“These ideas are not radical,” Sanders often says on the stump, and, as it turns out, he’s pretty much right. Both the exit polls from the Democratic primaries and more general surveys of the American public have consistently shown that people are concerned about the prohibitive cost of health care and education, persistent economic inequality, and the disproportionate influence of the wealthy on politics. According to one estimate from Reuters, 70 percent of Americans—including 85 percent of Democrats and a surprising 52 percent of Republicans—say they support Medicare for All. Sanders has even proven capable of rousing a Fox News town hall—with an audience that its conservative moderators described as “ideologically diverse”—to cheers at the prospect of single-payer health insurance. He did this without changing his position, diluting any of his talking points, or resorting to the dog whistles that distinguish the more right-wing style of anti-establishment politics that usually appears on Fox.

Since the 1970s, the gutting of the American labor movement and the steady rightward slide of the Democratic Party on economic policy has had the effect of consigning much of the left to niche activist spaces and the academy; the inevitable result of years of decline, in other words, has been a left that has no clear model of what electoral success even looks like. The real hurdle for the still-weakened left at this time, then, isn’t necessarily the cultural battle of attempting to make radical ideas palatable. Rather, the challenge is to find a way of developing and honing a raft of strategies—electoral and otherwise—that can translate any existing public goodwill toward the expansion of public resources into winning policy.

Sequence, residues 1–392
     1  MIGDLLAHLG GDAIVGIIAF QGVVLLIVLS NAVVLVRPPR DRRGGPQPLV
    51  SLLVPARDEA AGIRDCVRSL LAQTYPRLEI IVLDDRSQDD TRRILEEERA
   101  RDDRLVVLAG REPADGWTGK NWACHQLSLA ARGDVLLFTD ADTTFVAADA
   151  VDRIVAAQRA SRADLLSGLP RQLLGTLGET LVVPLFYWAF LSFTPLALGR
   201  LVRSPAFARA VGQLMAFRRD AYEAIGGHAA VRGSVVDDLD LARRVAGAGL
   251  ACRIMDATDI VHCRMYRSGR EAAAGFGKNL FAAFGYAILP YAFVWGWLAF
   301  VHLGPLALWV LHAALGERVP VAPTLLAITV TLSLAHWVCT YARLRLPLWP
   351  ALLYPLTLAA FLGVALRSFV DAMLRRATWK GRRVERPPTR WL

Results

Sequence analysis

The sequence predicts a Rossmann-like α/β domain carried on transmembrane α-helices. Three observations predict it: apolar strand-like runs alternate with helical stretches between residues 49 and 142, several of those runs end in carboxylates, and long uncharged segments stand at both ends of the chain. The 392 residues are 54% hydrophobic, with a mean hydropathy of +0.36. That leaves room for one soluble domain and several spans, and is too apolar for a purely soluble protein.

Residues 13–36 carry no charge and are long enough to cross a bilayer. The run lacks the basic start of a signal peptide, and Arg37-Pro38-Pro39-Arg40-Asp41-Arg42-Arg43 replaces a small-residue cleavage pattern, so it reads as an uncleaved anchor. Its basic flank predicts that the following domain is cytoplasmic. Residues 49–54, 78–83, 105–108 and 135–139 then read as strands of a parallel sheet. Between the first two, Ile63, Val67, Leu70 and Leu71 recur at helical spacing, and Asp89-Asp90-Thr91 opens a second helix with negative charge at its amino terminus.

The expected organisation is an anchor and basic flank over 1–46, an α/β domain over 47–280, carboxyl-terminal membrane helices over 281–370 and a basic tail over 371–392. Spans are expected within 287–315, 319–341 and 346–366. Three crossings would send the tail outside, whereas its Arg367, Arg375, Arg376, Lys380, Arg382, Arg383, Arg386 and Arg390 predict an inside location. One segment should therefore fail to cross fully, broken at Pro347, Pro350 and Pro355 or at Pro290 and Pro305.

On Sanders’s signature issue in particular, the work will likely continue without much of a hitch. Campaigns for single-payer health care in the U.S. have had a number of fits and starts since at least the New Deal era, but Sanders’s 2016 run threw fuel on a growing wave of state and national-level organizing for Medicare for All. That includes the ongoing advocacy by networks of health care professionals, such as the formidable National Nurses United and the 20,000-strong organization Physicians for a National Health Program, in addition to the essential, if often unglamorous, work of phone calls and door-knocking to turn out voters for candidates and ballot initiatives that move single-payer forward. A Sanders loss will sting because it was always the best, most direct shot at Medicare for All. But by design, it was never the only one.

And there’s another reason, beyond the immediate, incomprehensible cruelty of a health care system that withholds medical care from those who can’t afford it or forces them into debt, that Bernie Sanders has championed Medicare for All for as long as he’s held any kind of office. According to a report last week from the Economic Policy Institute, Medicare for All has the potential to boost wages; lessen the strain of unemployment; and reduce job lock, the phenomenon where workers stay in bad jobs in order to keep their employer-sponsored health care. That’s another way of saying that Medicare for All would shift some power from a small number of employers to the great majority of workers.

If the Sanders campaign ultimately ends with the primaries, then holding fast to that majoritarian spirit, rather than slipping into despair or retreating to the comforting familiarity of obscurity, will be the most valuable exercise for the left. “Our big task now is to maintain the bread-and-butter demands as leading political ideas while we fill in the capacity to actually win them,” Dustin Guastella, a Medicare for All organizer in Philadelphia recently wrote. “Regardless of who is president, American workers like single-payer insurance, and our health care woes are not going anywhere.”